Tuesday, December 27, 2016

Family forever

Family forever is a thought that's been running through my mind for some days. It especially got there with the holidays. Looking at parts of the family that are still fractured can be painful. One thing I thought as I visited my brother Dale and his wife Jayne is how much I treasure my brothers and sisters. We definitely don't qualify as a close family. We all pretty much scattered away as teenagers, me marrying young, (the first time) Charles, Dale and Jeannine all working very young and doing their own thing. Charles was very young to be a husband and father at age 18 but he's done it well, all and all. My thought is, that there could never be anything that my family does or doesn't do that I wouldn't at least say, "Hi, how are you doing? I love you."
That may not mean that we'll hang together or do much else, but at least they know that they are loved.
Family forever is really something you can't get away from because it's in the blood and DNA. Of course, we know since I had my DNA test that not everyone got everything that everybody else got. LOL! I am truly EVERYWOMAN! And that being said, one of my main prayers for myself is that I can live well, and be the very best me, that the Lord created me to be. And I have to come back to what Peggy always said, "You can pick your friends but not your family," and that's cool too. Because the Lord God Almighty gave us the family He intended for some strange reason, I guess. And for our destiny, I believe.
 I've picked some pretty awesome friends along the way and a few have even told me they chose me upon seeing me for the very first time. How cool is that? Truly I don't understand why but I have always felt very honored by that statement and you know who you are girlfriend.
I have all the hope in the world for all of my family. I may not live to see some of my prayers for them answered but every day, I pray, "Thy will be done, Thy kingdom come for the destiny of the ones I love." Bill and I were talking to Pastor John recently and he said, basically that in some cases, family comes together finally but it may be at someone's funeral, and why wait until then to make it right? He's a very wise man, I must say.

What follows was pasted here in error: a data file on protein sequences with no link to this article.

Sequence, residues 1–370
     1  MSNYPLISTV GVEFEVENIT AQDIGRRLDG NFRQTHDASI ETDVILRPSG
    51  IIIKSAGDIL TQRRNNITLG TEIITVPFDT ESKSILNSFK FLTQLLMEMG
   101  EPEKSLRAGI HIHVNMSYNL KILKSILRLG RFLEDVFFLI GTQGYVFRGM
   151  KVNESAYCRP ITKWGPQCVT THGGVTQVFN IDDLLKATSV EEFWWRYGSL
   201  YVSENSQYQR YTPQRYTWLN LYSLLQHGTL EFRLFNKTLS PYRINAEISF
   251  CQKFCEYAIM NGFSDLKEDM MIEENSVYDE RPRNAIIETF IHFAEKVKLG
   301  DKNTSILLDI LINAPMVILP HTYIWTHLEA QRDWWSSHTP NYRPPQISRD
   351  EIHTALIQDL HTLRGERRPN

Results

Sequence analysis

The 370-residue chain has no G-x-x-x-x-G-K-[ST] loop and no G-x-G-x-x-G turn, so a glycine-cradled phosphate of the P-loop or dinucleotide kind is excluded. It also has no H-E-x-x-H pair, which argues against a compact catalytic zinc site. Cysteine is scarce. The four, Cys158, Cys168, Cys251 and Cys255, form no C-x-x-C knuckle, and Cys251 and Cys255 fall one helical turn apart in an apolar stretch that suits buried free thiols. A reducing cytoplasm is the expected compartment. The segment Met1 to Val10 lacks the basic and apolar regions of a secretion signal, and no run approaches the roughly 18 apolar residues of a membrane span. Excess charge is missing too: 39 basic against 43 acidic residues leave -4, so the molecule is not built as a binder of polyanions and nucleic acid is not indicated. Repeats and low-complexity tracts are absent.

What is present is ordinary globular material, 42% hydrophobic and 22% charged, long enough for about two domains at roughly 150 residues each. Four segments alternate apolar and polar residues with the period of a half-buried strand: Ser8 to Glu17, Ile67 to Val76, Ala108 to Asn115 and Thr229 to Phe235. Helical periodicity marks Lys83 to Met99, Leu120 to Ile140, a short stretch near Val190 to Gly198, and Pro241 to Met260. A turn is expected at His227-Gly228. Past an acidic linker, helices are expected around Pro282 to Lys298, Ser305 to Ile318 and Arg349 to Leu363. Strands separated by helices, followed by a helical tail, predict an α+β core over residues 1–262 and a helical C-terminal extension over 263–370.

But it's out of my hands and into the Lord's. I'm praying very hard for a new start for many of us.
So to complete this blog and I hope the pictures post at some point, I took the night off last night as Ryan did such a great job taking Aryel and Isaiah for the day I gave him the night shift, too. Actually I was exhausted from the holidays and just needed to chill. At some point I heard hilarious laughter drifting up the stairs. Bill and I came down to find Ryan looking like a sick calf at the table, and everyone laughing their heads off. They were playing Bean Boozled with jelly beans that tasted like, among other things: stinky socks, barf, lawn clippings, dead fish, rotten eggs... and well you get the picture. They had jelly beans the same color and it would either be the good flavor, chocolate pudding or the bad like canned dog food and you pick one and eat it. Well Ryan always picked the bad ones and Aryel always picked the good ones. It was hilarious.
Christmas is officially over and we can get back to "normal" life. Oh yes, normal is just a setting on the dryer in our family. So, heading to a new year fills with the Love, and never-ending kindness of the Lord.

Since ancient times no one has heard,
    no ear has perceived,
no eye has seen any God besides you,
    who acts on behalf of those who wait for him. Isaiah 64:4

Thursday, December 22, 2016

She’s Canceling Christmas

Merry Christmas and I’m posting early for those who follow my blog. If you  don’t please go to http://thornrose7.blogspot.com/ and sign up.  It may help me out one day if I ever submit a book proposal.

I just finished the Angels Walking Series by Karen Kingsbury. It has made me think more about angels and the roles they play on earth. I’m hoping that there are many guardian angels about us to help us in ways that we may not realize. I also included in this poem a phrase borrowed from a Jim Raley sermon; battered worship. To those whose worship is worthy of the Lord’s ear.  He is pleased.

She’s Canceling Christmas

The angels were alarmed, “There’s another mom on the edge.
She’s ready to leave everything and everyone.
What can we do?
Lord, is it really true?
She’s canceling Christmas this year!”
Somebody’s mom:
I’m canceling Christmas this year!
Why have it
When there’s so many tears?
Why try to pretend
It will be good at the end?
I’m canceling Christmas this year.

Makes me sadder
Than sad ever was
It’s Christmas but not the night that Twas.

If you knew all the pain,
You’d cancel it too,
Looking for light and the Lord